To foil an extortion plot, an FBI agent undergoes a face-transplant surgery and assumes the identity and physical appearance of a ruthless terrorist, but the plan backfires when the same criminal impersonates the cop with the same method.
Set in the near future when artificial organs can be bought on credit, it revolves around a man who struggles to make the payments on a heart he has purchased. He must therefore go on the run before said ticker is repossessed.
Sean Archer, a very tough, rugged FBI Agent. Who is still grieving for his dead son Michael. Archer believes that his son's killer is his sworn enemy, a very powerful criminal, Castor Troy. One day, Archer has finally cornered Castor, however, their fight has knocked out Troy cold. As Archer finally breathes easy over the capture of his enemy, he finds out that Troy has planted a bomb that will destroy the entire city of Los Angeles and all of its inhabitants. Unfortunately the only other person who knows its location is Castor's brother Pollux, and he refuses to talk. The solution, a special operation doctor that can cut off people's faces, and can place a person's face onto another person. Archer undergoes one of those surgeries to talk to Pollux. However, Castor Troy somehow regains consciousness and now wants revenge on Archer for taking his face. Not only is Troy ruining Archer's mission, but his personal life as well. Archer must stop Troy again. This time, it's personal. Written by
In Greek mythology, Castor and Pollux (the two brightest stars in the constellation Gemini) were the twin sons of Zeus by Leda. The brothers fought together in the Trojan War (which, of course, was fought in *Troy*). This is not their only connection to Troy, their mother Leda was also the mother of Helen of Troy. Of the Castor and Pollux of mythology, Pollux was immortal and Castor mortal. They were allowed to spend alternating days together between the underworld and Olympus because Zeus took pity on the pair and "gave" Castor half of Pollux's immortality because they could not take the separation of death. See more »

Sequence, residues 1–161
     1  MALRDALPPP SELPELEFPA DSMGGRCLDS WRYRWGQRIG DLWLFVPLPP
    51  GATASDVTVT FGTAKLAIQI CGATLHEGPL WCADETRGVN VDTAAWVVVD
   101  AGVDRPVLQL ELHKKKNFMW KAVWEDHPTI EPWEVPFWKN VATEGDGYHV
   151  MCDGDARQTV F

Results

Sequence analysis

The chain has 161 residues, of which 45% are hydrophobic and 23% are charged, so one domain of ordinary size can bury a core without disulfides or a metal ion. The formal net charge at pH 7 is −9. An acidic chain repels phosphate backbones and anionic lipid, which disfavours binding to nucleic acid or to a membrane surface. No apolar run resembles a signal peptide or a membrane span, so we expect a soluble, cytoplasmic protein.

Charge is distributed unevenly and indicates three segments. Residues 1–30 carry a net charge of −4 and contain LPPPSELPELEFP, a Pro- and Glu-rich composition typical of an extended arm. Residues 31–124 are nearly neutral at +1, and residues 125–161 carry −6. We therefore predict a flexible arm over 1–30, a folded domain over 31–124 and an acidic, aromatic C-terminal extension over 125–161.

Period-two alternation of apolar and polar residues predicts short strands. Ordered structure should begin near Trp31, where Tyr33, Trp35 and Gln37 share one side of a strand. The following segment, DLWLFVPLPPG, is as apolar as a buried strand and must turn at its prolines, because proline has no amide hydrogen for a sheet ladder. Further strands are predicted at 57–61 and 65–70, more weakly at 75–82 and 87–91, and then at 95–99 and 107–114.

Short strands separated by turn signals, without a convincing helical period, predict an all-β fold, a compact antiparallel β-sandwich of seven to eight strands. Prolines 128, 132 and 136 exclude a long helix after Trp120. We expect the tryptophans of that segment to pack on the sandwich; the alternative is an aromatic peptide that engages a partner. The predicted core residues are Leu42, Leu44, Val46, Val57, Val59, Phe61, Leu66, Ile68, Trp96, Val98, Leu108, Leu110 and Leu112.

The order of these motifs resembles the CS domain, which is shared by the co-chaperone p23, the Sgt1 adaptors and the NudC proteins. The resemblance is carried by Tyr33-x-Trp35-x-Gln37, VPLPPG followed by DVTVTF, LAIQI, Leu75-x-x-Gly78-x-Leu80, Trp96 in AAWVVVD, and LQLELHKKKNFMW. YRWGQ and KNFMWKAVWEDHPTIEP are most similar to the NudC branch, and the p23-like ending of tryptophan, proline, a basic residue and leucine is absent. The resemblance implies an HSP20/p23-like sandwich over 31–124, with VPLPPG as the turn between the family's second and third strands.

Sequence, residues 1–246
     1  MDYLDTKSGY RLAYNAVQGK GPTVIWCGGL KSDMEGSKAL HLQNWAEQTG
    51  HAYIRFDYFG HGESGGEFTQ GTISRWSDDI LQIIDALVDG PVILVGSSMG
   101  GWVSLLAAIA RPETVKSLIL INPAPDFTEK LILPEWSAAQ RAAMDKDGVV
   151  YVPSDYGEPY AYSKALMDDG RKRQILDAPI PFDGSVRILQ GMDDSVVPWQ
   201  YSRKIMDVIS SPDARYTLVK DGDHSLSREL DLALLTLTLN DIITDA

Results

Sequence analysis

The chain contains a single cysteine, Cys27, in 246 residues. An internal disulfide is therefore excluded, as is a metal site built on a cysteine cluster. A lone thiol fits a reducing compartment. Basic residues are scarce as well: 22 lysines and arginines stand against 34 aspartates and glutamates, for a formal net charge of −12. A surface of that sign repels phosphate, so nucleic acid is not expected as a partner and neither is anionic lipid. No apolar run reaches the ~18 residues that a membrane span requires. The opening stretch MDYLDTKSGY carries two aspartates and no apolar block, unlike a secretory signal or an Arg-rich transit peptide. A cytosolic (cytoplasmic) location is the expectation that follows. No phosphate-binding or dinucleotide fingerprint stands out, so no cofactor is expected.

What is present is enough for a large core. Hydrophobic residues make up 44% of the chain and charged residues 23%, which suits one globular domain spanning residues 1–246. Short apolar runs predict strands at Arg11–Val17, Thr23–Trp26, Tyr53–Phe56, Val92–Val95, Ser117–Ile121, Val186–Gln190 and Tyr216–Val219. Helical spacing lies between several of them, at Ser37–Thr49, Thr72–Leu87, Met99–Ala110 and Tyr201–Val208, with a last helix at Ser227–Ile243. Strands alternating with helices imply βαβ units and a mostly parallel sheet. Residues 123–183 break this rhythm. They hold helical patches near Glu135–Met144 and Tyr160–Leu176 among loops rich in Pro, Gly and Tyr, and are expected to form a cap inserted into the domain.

When Troy (as Archer) entering the code to defuse his own bomb, the #1 on the keypad lights up before his finger touches it. See more »
Face/Off is amazing because it mixes an outrageously cornball plot with some of the best acting in an action movie. How John Woo pulled it off is beyond me. His visual imagery is flamboyant and decorative, yet never fails to deliver the goods. There is always a flurry of images to grasp our attention. Granted, his typical trademarks are here, but never does the script suffer from the same problems as in his other works.
Nicolas Cage and John Travolta are phenomenal in their dual roles each. The rest of the cast isn't very deep and is more filler than anything else. The editing job feels underdone, particularly when the action sequences get to the "overcooked" staged. Still, how many speedboat chases or airplane crashes are you going to see in a slow-motion?
Overall, a summer action movie that delivers in acting, directing, and most other departments. 4 out of 5 stars.
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